Correction. This column was edited after its original posting to correct errors in the third and fifth paragraphs.
By Bill Leonard
Duke Kimbrough McCall was an institution, bearing in himself elements of American religious corporate and institutional life across much of the 20th century. His death this week at age 98 in many ways marked the end of an era reflecting the height of denominational identity in the United States, and its subsequent dramatic collapse.
In some ways he was the ultimate denominational administrator, presiding over three significant organizations — New Orleans Baptist Theological Seminary, the Executive Committee and the Southern Baptist Theological Seminary — each owned and operated by the Southern Baptist Convention.
In other ways, he seems the last denominationalist — a symbol of denominational identity that no longer prevails, even among Southern Baptists themselves.
Born in Memphis, Tenn., to a family of southern Brahmins, McCall was nurtured in the Southern Baptist ethos of a believer’s church, missionary vision and denomination-related schools. Graduating from Furman University, he entered the Southern Seminary in Louisville, Ky., an institution with which he would be connected for the rest of his life.
Seminary lore from those years suggested that he was the first student in the school’s history to own a car. Although he served as pastor of Broadway Baptist Church, a bellwether Louisville congregation, his career was given primarily to administrative service in multiple denominational institutions.
McCall’s more than 30-year tenure as president of Southern Seminary, the denomination’s oldest theological school, is the longest in the school’s history. His administrative approach helped extend the seminary’s national reputation for academic excellence even as it created upheaval within the faculty, leading to the departure of 13 senior professors in 1958.
His ability to weather “the ’58 crisis” and stabilize the school with a new generation of outstanding faculty illustrated his ability to negotiate administrative if not relational difficulties.
Those qualities were less beneficial for him when the “conservative-moderate controversy” descended on the SBC intensely in 1979. McCall retired as president of the seminary early in the controversy as conservatives were slowly gaining control of the convention.
He ran unsuccessfully for the denominational presidency, in those days the major frontline of conservative/moderate political conflicts and a major source for controlling appointments to SBC boards and agencies.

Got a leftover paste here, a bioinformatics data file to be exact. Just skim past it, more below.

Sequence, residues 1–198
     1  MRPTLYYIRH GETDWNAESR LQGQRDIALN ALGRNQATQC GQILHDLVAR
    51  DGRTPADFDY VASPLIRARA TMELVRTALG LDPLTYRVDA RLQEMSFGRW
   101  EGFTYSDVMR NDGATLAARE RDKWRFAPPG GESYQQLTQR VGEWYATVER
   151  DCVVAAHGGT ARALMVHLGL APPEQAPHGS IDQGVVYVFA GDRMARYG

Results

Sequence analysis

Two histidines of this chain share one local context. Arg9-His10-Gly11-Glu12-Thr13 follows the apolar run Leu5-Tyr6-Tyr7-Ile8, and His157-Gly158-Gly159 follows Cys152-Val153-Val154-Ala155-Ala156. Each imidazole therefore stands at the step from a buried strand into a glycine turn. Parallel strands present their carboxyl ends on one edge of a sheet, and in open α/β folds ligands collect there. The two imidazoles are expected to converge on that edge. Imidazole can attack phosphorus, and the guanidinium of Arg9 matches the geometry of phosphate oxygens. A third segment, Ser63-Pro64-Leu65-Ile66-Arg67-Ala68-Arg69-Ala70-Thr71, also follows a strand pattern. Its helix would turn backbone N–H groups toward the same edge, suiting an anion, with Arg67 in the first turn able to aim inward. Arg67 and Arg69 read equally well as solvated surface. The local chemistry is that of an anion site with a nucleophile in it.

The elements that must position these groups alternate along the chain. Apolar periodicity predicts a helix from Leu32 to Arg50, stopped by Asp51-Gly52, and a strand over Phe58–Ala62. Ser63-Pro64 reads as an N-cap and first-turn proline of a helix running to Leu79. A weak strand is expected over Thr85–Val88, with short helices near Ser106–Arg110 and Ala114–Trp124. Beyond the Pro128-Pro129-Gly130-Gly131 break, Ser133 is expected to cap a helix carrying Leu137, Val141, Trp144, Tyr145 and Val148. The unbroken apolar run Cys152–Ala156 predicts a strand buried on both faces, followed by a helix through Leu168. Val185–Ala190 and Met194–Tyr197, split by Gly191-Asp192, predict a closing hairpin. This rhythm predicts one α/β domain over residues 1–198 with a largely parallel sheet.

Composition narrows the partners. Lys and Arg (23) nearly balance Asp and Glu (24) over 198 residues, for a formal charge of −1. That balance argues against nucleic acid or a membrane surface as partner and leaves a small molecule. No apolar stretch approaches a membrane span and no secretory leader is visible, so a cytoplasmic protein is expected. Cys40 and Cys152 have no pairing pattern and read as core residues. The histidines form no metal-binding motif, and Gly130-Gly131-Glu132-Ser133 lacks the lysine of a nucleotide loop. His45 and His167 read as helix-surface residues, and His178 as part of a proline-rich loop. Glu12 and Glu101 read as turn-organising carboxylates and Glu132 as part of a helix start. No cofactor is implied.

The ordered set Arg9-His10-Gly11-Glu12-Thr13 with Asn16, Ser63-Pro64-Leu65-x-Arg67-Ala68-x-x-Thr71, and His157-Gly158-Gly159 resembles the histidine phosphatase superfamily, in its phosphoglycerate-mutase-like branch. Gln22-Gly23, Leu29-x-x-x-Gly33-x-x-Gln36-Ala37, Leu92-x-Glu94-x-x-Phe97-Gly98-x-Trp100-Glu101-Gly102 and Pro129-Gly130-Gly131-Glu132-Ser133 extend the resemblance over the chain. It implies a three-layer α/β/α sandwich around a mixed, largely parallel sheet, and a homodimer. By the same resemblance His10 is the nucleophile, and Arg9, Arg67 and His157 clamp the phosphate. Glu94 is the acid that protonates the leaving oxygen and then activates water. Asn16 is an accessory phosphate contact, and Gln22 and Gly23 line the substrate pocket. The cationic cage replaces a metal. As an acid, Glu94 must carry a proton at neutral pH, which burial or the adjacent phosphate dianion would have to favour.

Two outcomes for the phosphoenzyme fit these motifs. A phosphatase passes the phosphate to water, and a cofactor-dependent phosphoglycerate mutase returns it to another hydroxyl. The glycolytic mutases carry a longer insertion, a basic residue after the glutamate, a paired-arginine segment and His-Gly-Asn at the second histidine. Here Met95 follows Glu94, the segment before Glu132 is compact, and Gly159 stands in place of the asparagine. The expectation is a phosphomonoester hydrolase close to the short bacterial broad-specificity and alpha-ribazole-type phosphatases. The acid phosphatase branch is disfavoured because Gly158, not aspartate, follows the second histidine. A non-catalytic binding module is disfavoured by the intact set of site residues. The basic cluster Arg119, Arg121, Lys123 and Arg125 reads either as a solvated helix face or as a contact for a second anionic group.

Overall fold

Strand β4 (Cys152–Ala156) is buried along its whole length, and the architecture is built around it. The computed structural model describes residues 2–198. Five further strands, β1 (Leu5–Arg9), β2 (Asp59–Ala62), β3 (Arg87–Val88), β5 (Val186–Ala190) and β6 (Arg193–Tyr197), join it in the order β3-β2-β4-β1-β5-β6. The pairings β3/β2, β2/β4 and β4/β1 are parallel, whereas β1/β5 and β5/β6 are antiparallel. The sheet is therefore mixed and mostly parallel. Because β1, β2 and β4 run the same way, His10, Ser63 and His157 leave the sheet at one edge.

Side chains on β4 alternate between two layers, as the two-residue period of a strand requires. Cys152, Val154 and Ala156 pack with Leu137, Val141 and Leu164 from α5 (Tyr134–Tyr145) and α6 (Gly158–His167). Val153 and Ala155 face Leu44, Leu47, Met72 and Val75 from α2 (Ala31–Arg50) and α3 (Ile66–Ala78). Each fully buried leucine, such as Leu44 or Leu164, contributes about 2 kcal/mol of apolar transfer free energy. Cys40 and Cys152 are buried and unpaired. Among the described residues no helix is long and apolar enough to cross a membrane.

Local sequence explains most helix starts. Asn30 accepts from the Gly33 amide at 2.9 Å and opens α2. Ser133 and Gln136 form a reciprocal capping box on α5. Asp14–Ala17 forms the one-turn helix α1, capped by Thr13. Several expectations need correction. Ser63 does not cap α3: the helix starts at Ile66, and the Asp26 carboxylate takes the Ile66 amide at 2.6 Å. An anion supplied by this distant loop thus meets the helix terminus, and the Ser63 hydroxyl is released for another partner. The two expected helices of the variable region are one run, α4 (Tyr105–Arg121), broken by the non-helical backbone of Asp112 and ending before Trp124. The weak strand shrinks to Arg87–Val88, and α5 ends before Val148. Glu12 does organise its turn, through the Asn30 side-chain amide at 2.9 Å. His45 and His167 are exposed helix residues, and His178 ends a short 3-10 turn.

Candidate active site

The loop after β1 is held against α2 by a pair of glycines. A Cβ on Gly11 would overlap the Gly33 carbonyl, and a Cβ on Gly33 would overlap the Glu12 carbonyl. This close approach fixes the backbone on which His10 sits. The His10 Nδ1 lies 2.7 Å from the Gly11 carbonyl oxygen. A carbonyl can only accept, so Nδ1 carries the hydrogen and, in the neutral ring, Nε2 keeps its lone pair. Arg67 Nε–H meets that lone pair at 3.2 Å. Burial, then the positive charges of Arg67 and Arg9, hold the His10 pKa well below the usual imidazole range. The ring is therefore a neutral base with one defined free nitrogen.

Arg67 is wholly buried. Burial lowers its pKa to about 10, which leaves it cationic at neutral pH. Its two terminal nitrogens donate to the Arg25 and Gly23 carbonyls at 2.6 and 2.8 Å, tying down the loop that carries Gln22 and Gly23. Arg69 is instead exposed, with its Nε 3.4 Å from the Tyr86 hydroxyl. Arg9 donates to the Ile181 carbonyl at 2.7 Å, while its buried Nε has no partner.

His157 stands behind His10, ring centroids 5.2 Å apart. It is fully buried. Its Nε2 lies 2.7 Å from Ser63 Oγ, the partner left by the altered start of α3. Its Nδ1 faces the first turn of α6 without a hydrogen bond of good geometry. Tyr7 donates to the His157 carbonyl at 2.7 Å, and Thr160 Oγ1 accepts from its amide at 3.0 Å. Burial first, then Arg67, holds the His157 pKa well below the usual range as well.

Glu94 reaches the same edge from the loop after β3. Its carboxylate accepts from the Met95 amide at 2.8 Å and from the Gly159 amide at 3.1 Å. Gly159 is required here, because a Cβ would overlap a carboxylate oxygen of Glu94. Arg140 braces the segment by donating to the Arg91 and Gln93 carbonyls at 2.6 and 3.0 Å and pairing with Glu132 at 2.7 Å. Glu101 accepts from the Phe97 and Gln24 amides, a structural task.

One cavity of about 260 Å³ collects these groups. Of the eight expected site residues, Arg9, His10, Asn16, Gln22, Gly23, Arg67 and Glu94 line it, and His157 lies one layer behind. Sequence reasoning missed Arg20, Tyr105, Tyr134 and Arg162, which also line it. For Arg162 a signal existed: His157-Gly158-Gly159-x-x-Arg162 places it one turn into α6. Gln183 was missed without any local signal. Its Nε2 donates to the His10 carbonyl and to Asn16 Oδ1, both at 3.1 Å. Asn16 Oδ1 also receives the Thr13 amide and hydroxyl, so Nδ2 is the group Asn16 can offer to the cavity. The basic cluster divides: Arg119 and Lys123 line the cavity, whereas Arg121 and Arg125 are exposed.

That a person of his organizational stature lost to a conservative candidate was an indication that McCall’s style of institutional vision and maintenance was increasingly less viable.
That style rested in what many have called the “conservative middle,” a traditionalist approach that reflected a broad spectrum of theological positions and ministry practices but which kept those at either end of the theological spectrum from dominating the denominational center.
It was an approach by which boards and agencies were comprised of conservatives, moderates and even liberals (in the SBC sense of the term) but where one overarching ideological mandate did not dominate.
Thus progressives and conservative alike frequently criticized McCall for compromising prophetic principles or confessional orthodoxy for the sake of denominational stability. As that “grand compromise” collapsed, McCall’s lifelong approach became less sustainable — evident in the eventual departure or disengagement of moderates from SBC life.
Curiously, McCall later suggested that had he remained as president of the seminary he would have sought to disengage the institution from denominational control, perhaps even making it the centerpiece of a new Baptist endeavor. Whether that approach would have been possible for him, or any other president in the volatility of those times, remains a great unknown.
Duke McCall and Provost William Hull hired me at Southern Seminary in 1975, inviting me to the faculty as assistant professor of church history. On our mantle sits a photo of McCall presiding over the moment when I signed (with a quill pen) the seminary’s Abstract of Principles in a book that contained the signatures of generations of professors who participated in that ritual when granted tenure.
Certain SBC conservatives would later suggest that McCall’s great fault was admitting my “type” of Baptist academic to the faculty. I recall with gratitude his consistent encouragement and the space he offered me to explore issues in Christian history and American religion with an amazing group of faculty and student colleagues.
Throughout his long life and work, Duke McCall bridged multiple generations of Baptist life nationally and globally. In some ways he was the personification of the amazing organizational success and regional strength of Southern Baptists in much of the 20th century.
In other ways he represented the last of the Baptist denominationalists, a leader who both shaped and was shaped by the cultural and spiritual solidarity of America’s largest denomination in a particular era.
Controversial throughout, he contributed to a denominational breadth inside the SBC. He lived long enough to see that breadth diminish, but died hoping, if not believing, that it would someday return.
Nonetheless, with his characteristic political and theological insight, there is little doubt McCall recognized that the denominational consciousness that powerfully informed his own Christian and Baptist identity no longer endures for liberal or conservative alike.